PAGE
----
On page 59-60
She threw the cards down on the table when she had won them all, as if she despised them for having been won of me.
My guess for the phrase is "as if she despised them for having lost to me".
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The usage was more popular over a hundred years ago than it is now.
Google Ngram shows the decline by a factor of ten from a peak in the early 1800s to the present day.
it shall be sufficient for the plaintiff to allege, that the defendant is indebted to the plaintiff, or has received for the plaintiff's use, the money so lost and paid, or converted the goods won of the plaintiff, to the defendant's use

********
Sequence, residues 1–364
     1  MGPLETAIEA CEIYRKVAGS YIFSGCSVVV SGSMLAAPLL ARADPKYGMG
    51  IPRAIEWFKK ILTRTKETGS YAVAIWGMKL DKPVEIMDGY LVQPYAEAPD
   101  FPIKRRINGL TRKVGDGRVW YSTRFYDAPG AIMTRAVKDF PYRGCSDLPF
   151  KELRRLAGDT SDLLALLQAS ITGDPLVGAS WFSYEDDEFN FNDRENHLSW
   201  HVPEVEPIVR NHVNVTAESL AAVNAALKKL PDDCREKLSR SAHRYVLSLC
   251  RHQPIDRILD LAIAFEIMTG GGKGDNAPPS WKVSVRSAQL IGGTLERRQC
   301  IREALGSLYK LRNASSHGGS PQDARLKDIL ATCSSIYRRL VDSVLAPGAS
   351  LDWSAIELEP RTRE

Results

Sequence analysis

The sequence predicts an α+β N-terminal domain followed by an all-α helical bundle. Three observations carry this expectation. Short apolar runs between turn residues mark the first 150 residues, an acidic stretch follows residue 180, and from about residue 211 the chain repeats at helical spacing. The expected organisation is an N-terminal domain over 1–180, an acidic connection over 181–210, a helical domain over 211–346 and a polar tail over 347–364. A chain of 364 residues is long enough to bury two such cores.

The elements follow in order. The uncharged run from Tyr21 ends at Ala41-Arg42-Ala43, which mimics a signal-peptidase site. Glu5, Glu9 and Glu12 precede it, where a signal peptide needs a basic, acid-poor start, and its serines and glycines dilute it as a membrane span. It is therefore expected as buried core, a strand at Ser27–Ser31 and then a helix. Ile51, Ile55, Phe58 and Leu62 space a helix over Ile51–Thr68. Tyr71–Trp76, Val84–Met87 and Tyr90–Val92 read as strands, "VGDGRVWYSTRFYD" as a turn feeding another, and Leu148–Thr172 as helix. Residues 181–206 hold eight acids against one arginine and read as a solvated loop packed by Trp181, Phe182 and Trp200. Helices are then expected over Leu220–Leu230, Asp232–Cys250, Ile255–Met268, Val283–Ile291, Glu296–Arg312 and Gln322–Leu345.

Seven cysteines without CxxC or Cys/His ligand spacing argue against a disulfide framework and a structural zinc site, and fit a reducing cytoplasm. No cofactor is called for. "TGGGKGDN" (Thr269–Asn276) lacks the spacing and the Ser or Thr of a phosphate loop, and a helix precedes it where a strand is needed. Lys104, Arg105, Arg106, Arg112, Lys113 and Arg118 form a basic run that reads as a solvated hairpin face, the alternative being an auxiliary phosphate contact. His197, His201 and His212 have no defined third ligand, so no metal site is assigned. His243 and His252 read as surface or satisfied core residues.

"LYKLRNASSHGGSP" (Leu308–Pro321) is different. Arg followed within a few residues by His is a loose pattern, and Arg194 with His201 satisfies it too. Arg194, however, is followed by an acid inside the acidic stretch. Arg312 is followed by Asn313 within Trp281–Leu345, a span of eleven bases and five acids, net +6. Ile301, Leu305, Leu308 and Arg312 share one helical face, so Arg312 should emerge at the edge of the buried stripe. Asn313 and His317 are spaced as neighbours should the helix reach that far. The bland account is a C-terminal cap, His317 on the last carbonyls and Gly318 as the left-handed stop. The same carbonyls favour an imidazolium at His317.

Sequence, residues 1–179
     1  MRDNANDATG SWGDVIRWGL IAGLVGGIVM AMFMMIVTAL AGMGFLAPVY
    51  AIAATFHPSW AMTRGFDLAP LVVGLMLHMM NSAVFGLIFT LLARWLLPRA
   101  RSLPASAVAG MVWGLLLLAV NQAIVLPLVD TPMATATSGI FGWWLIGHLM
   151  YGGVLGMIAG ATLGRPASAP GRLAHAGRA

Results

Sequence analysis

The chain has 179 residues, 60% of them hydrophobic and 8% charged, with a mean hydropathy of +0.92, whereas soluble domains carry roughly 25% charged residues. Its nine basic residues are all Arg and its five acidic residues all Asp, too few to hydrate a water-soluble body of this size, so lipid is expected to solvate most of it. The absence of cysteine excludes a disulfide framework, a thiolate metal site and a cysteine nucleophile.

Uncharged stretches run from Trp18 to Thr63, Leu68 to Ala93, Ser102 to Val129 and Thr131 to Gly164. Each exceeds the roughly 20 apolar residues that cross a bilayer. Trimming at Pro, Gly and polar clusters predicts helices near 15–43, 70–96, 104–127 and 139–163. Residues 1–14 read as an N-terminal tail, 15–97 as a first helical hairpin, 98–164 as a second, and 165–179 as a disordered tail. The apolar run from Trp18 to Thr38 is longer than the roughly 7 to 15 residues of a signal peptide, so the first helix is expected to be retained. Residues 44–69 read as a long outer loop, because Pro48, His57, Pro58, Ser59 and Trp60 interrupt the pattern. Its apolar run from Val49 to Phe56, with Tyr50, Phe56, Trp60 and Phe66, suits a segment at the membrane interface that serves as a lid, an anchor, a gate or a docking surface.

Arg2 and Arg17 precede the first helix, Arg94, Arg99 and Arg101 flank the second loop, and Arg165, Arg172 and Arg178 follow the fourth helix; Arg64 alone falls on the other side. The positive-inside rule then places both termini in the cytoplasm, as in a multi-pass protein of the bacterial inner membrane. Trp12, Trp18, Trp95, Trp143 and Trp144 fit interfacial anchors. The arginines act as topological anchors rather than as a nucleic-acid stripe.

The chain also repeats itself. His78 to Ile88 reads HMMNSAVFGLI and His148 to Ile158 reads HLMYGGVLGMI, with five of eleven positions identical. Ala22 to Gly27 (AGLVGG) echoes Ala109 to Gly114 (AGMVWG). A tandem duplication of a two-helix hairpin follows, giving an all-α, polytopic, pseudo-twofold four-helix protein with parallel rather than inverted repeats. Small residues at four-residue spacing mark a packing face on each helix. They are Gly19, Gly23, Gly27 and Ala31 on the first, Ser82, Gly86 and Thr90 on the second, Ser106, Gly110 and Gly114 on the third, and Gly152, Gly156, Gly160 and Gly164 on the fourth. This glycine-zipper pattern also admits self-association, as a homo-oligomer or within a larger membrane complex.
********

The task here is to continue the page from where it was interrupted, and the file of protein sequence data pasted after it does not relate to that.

Some justification may be found in contemporary English:
of: used in expressions showing loss:
They were robbed of all their savings.
I feel I've been deprived of your company.
Hence "the cards were won of me" implies that I lost the cards.
"Won of" in Dickens' day means "won from".
So "she" wins all the cards from the speaker (presumably this is a game in which you win by taking all the cards for yourself) and then throws them away, as if she "despised them" for where they had come from, i.e. that they had been won from the speaker.